It’s Santa Claus on the line

Christmas is big business in Rovaniemi, Finland, but Santa Claus wasn’t the first to spark tourism in this Arctic Circle city.

Some operators have decided that with ever changing travel restrictions, moving to a virtual approach is the way to go. After a year of video calls to work and catching up with the family, it seems obvious that Santa should be available on screen rather than in person.

UK-based holiday break specialist Santa’s Lapland is offering video calling to Santa, Live from Lapland for £ 85 (US $ 111) for a family of up to four children. The calls last 10 minutes and are moderated by an elf who takes the family on a tour of Santa’s hut before meeting the big man himself.

The company stopped its trips in 2020 due to increasingly strict travel policies from the UK to mainland Europe.

“With increasing restrictions across the UK, many of us have wondered how we can keep the magic of Christmas 2020 alive,” said Paul Carter, CEO of Santa’s Lapland. “We want to help make it unforgettable by giving families the opportunity to meet Santa Claus comfortably and safely from home.

“While Christmas doesn’t compare to the excitement of traveling to Lapland to visit Santa Claus in his snowy hut, where the reindeer are real and the northern lights dance across the night sky. Families can now still enjoy a taste of the real Lappish Magic this Christmas. “

Looking to 2021 and beyond

Many visitors have postponed their trip to Lapland until 2021.

Many visitors have postponed their trip to Lapland until 2021.


Santa’s Lapland is already offering bookings for 2021 and says that many of its customers who lost this year have simply rebooked for next Christmas.

Julie Kenyon of Lapland Experiences says this has become popular with those looking to get excited about something in 12 months.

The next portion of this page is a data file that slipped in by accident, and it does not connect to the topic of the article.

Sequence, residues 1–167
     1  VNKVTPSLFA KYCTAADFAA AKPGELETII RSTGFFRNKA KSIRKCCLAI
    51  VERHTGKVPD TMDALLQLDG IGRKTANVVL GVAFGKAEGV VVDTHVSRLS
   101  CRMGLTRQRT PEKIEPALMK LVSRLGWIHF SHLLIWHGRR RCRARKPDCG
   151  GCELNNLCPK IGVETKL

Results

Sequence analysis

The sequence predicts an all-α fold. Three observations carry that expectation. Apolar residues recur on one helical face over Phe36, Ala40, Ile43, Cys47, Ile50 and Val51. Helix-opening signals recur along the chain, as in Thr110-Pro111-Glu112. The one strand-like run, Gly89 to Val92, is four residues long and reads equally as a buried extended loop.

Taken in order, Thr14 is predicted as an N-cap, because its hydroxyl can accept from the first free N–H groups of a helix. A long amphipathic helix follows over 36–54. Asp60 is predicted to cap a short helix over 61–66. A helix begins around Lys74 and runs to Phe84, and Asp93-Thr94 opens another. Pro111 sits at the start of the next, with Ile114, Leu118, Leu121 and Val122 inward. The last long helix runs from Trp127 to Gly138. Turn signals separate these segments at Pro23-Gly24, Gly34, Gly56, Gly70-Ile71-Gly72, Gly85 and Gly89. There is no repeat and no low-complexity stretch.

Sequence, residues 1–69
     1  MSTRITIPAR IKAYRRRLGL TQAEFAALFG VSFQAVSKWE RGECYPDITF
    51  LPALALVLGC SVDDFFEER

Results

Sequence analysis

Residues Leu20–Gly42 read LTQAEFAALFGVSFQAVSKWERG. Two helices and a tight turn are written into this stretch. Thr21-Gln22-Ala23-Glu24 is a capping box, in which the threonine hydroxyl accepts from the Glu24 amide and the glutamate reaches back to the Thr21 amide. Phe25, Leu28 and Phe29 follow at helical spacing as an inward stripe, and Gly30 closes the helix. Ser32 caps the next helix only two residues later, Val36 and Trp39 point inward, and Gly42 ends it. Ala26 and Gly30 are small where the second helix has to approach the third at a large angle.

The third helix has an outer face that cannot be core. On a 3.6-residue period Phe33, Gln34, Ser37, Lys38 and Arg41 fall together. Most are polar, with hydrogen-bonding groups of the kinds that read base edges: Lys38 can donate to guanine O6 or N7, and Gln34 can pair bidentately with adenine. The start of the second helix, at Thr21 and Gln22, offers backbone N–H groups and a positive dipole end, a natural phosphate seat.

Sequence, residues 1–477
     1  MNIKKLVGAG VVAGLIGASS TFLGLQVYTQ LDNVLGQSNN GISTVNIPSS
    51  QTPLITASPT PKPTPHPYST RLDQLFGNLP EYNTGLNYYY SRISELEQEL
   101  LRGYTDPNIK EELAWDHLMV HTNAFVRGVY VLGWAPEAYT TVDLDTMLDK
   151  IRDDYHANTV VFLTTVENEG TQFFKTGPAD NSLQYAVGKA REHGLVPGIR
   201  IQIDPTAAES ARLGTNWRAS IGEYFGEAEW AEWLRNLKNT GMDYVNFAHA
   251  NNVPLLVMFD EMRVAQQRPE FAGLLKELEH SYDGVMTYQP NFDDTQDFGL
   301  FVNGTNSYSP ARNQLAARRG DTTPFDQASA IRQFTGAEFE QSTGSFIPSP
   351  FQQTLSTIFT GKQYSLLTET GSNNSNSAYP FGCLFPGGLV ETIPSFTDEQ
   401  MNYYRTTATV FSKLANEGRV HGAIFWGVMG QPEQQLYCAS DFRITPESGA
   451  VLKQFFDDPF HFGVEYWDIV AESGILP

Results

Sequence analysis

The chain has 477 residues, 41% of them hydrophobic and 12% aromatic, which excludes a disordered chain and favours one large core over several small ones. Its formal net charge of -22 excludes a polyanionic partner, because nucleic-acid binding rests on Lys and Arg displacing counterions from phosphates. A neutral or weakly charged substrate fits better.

“Some of our tour operator partners have completely discontinued their Santa program for 2020 and moved most of their customers to 2021. Therefore, it is important for people planning to visit Lapland in December 2021 to be fully booked now as demand is next will be very high I am moving customers already after 2021 and the places for this type of trip are limited.

“If 2020 trips are not possible, the focus will shift to 2021 and I will make sure that all of our 2020 customers are booked again. I advise anyone interested to book their Lapland vacation as soon as possible for next year . “”

In Rovaniemi, where even the city’s street map is shaped like a reindeer, Sanna Kärkkäinen is also looking for a boost until 2021.

“We are definitely looking ahead to the next season and the next winter season ’21 / 22. I think that will be the biggest goal now. As soon as the world recovers, I think our development with tourism will be good again.”

For now, the rescue of Christmas depends on Finland maintaining its new travel restrictions and intrepid Santa fans looking past the plexiglass and preparing for a Covid test before the flight.

Only time will tell if Christmas 2020 has really not been canceled.